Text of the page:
have you tried looking at… – Farlan May 14 '13 at 14:56
I want to do it dynamically using java code. – Wave May 14 '13 at 14:59
are you fimilar with "instanceof"? dont know, if it exactly matches your needs, but i think, this could help you a lot. – desperateCoder May 14 '13 at 15:02
up vote 7 down vote accepted

The Reflections library can do that:

Reflections reflections = new Reflections(
    ClasspathHelper.forPackage("your.root.package"), new SubTypesScanner());
Set<Class<? extends YourInterface>> implementingTypes =
share|improve this answer
My understanding of the question is that OP is looking for a method that runs in better than O(n). I'm not sure exactly how the Reflections library is implemented, but from just the look of this code, I'd assume it's less efficient than OP's current code. – Vulcan May 14 '13 at 15:07
@Vulcan - the OP asks 2 questions - a simpler solution and a more efficient solution. This is definitely simpler. – Stephen C May 14 '13 at 15:16
@Vulcan a) I can't find that assumption anywhere in the question b) reflections is a stable library that is used in production a lot. It's as efficient as such a library can be – Sean Patrick Floyd May 14 '13 at 15:17
@Vulcan for one thing, the OP actually loads all classes, whereas any sensible library (including reflections) would only inspect class metadata – Sean Patrick Floyd May 14 '13 at 15:18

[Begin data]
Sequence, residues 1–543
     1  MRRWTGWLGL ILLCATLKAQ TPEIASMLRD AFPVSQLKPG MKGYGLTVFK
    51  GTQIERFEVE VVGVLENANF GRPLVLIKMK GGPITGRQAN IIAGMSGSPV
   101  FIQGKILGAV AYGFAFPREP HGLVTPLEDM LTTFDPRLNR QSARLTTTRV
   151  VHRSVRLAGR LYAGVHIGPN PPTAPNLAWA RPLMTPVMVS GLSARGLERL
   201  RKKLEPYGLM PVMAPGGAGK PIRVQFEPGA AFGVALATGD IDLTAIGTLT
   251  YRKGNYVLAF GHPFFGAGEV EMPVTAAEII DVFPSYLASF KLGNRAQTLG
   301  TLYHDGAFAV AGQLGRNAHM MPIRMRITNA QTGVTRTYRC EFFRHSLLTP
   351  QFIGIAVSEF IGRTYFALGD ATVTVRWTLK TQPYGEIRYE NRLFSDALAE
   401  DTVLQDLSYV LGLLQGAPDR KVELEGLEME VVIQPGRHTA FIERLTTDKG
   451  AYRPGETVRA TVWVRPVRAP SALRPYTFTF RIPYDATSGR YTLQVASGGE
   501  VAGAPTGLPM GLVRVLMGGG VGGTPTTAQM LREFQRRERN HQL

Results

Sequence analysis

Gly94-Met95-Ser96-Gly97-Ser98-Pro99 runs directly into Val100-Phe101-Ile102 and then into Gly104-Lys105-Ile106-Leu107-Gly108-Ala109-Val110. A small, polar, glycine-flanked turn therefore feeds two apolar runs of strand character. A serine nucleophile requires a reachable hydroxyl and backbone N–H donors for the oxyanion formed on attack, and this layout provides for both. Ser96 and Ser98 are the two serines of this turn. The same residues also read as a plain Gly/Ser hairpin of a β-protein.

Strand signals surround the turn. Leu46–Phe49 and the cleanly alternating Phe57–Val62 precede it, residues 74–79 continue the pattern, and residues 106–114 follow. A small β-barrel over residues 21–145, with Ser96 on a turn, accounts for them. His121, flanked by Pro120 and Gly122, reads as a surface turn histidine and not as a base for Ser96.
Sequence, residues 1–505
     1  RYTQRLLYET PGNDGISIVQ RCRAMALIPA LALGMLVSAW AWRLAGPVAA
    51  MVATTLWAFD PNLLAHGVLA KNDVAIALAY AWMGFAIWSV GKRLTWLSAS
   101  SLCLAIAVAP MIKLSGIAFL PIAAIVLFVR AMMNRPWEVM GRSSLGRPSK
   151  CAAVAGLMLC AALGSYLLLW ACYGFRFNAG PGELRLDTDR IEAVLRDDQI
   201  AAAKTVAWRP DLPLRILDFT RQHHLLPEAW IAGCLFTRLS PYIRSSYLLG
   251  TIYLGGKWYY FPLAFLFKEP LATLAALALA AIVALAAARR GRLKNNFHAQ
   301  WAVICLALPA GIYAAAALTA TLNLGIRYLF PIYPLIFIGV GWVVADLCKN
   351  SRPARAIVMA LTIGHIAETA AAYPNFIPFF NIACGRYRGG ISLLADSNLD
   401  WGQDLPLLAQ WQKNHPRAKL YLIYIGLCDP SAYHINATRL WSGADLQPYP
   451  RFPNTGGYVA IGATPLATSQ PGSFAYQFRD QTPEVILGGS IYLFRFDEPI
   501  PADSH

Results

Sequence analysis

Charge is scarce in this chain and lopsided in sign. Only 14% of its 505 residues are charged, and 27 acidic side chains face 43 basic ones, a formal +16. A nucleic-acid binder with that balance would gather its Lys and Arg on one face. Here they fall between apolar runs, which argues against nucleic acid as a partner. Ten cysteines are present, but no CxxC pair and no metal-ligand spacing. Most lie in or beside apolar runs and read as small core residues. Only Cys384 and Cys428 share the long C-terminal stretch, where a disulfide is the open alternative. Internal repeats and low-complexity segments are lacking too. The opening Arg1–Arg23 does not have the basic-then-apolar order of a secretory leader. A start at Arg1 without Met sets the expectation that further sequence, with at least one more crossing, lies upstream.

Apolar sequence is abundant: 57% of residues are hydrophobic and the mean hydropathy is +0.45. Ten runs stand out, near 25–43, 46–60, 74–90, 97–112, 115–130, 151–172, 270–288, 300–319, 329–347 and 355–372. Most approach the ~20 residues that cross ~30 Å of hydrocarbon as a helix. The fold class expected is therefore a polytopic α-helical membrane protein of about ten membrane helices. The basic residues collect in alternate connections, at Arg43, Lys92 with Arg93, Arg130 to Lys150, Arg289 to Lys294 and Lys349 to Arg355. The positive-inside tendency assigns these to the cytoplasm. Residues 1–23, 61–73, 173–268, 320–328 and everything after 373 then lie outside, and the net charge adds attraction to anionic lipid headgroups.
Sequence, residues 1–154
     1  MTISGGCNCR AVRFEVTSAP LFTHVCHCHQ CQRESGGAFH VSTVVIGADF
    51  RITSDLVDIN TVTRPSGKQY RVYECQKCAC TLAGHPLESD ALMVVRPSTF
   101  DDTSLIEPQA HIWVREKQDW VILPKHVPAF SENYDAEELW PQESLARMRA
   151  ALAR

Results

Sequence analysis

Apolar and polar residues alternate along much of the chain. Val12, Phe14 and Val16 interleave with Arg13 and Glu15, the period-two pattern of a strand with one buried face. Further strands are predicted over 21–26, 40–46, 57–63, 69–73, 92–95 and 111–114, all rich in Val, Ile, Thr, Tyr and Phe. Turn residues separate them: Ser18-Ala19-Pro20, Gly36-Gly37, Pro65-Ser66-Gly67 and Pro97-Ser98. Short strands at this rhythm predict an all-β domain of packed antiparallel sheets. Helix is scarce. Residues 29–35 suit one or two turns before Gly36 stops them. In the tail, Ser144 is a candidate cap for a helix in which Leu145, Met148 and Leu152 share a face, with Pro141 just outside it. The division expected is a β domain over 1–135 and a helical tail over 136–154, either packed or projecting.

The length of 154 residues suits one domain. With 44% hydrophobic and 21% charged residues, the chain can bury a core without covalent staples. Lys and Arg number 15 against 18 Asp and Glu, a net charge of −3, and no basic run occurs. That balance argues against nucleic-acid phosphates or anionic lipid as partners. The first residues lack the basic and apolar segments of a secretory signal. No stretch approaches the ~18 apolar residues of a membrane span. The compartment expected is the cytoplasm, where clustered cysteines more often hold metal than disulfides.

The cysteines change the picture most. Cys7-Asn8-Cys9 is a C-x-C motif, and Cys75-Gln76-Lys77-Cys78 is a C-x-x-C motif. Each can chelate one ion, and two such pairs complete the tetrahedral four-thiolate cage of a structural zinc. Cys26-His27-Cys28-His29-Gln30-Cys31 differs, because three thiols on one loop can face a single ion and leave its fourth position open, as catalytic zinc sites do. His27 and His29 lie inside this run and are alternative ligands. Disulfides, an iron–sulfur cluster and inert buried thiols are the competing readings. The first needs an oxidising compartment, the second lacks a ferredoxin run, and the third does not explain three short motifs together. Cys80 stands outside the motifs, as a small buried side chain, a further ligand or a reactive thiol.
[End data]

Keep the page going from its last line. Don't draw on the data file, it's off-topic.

@Durandal a class is a binary resource with a well-defined format, there is no need to actually load a class to read that format, in fact, it is a lot faster not to load all classes. – Sean Patrick Floyd May 14 '13 at 18:29

Spring has some helper code for this in ClassPathScanningCandidateComponentProvider but it basically does what you did.

You might also want to look at Freud which is a comfortable toolkit to write static analysis tests like making sure that all classes in a certain package or which implement a certain interface also implement equals() and hashCode()

The nice thing about Freud is that it can analyze Java source and class files (i.e. source code and compiled byte code), it can look into properties or text files, it can read CSS and Spring configurations (so it can make sure that all important methods of a DAO bean have @Transactional).

share|improve this answer